From the Backyard Rink to the Olympic Arena
Everyone has skated as a child. What child doesn’t love the sensation of gliding across frozen water? For some children that love translates into playing hockey or ringette, for others it means becoming a competitive figure skater.
A career in competitive skating often begins at an early age on a backyard or community rink. It takes dedication and many hours of hard work. A love of the sport helps but there are other factors to consider.
While there is no specific age to start, the younger the better. Toller Cranston, who is one of Canada’s most influential figure skaters, started skating when he was six.
Jaimie Salé and David Pelletier, who won a gold medal at the Olympics in 2002, both started skating at the age of three. Elvis Stojko, who won three world championships and Olympic medals, started to skate when he was four while Jennifer Robinson, who is a six-time Canadian Champion, began skating when she was eight years old.
Competitive skaters learn quickly so those who don’t begin skating until they are 12 years old, or older, can be at a significant disadvantage. Jaimie Salé was only 16 when she competed in the 1994 Olympics in Lillehammer, Norway while Lloyd Eisler was over 30 in the same Olympics.
Many skaters are in their twenties when they compete at the Olympics and other international events often representing a couple of decades of hard work, dedication and perseverance training to be a competitive skater.
When to Begin
Children aged three or four can start off learning basic skating skills and developing coordination.
Usually by the age of six or a little older, most children are able to handle some maneuvers and are usually ready for some kind of skating program.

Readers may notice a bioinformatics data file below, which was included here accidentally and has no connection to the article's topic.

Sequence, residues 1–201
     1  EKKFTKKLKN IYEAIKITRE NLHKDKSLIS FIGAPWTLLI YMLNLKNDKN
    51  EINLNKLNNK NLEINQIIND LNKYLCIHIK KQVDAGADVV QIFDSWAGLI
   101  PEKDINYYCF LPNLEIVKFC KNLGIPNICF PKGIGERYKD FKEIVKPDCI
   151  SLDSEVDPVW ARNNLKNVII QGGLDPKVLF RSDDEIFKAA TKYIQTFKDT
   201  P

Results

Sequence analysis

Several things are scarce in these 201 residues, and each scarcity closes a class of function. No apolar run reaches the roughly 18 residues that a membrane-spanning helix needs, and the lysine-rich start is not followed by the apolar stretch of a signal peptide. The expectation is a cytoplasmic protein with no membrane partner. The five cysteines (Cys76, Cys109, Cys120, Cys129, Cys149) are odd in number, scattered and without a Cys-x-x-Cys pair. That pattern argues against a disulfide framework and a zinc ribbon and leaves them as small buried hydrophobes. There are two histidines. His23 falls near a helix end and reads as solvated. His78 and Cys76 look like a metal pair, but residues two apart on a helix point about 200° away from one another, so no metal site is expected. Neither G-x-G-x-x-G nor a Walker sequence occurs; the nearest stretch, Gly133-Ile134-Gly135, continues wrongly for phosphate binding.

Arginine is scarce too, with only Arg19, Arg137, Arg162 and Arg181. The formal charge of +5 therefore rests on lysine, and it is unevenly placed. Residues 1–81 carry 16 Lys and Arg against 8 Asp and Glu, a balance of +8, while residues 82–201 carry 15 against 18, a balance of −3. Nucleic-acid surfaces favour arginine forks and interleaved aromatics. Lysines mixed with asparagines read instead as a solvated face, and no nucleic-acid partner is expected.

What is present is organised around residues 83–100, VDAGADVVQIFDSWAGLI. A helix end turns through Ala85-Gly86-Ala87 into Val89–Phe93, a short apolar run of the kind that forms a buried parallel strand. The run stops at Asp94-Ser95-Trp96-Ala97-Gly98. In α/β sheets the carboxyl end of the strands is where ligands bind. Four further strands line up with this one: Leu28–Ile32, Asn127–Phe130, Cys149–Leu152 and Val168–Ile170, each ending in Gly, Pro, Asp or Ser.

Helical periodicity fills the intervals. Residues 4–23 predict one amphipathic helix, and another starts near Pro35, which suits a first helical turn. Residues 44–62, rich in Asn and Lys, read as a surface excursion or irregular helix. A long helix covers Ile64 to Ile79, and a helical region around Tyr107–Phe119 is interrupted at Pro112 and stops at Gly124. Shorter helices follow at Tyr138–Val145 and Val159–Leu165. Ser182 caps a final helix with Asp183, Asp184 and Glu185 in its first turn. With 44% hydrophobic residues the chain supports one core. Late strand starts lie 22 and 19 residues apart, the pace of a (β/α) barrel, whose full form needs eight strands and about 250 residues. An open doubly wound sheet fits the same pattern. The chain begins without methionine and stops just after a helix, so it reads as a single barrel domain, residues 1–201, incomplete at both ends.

Those who are interested in skating competitively will want to join some of Skate Canada’s various programs that are taught by professional coaches. Their CanSkate program is for beginners of any age while their CanPowerSkate develops such things as power, balance, speed and endurance.
Figure skaters who are looking to move to the Olympic arena usually take programs such as STARSkate and CompetitiveSkate.
STARSkate helps skaters develop basic figure skating skills in areas such as Ice Dance and Free Skate. Skaters looking to compete in qualifying Skate Canada events in singles, pairs and dance take the CompetitiveSkate program.
This program offers access to funding programs and the opportunity to be selected to Skate Canada’s teams and possibly an opportunity to represent Canada at international competitions.
Skate Canada members are also involved in off-ice training ensuring that they are in good shape-both physically and mentally.
It’s a long journey from the backyard rink to representing Canada at the Olympics, but it’s one that is sure to create new friends and build confidence as participants enjoy work and play hard. Even those who don’t reach the upper levels of competition can benefit from the joy of participating in a sport they love.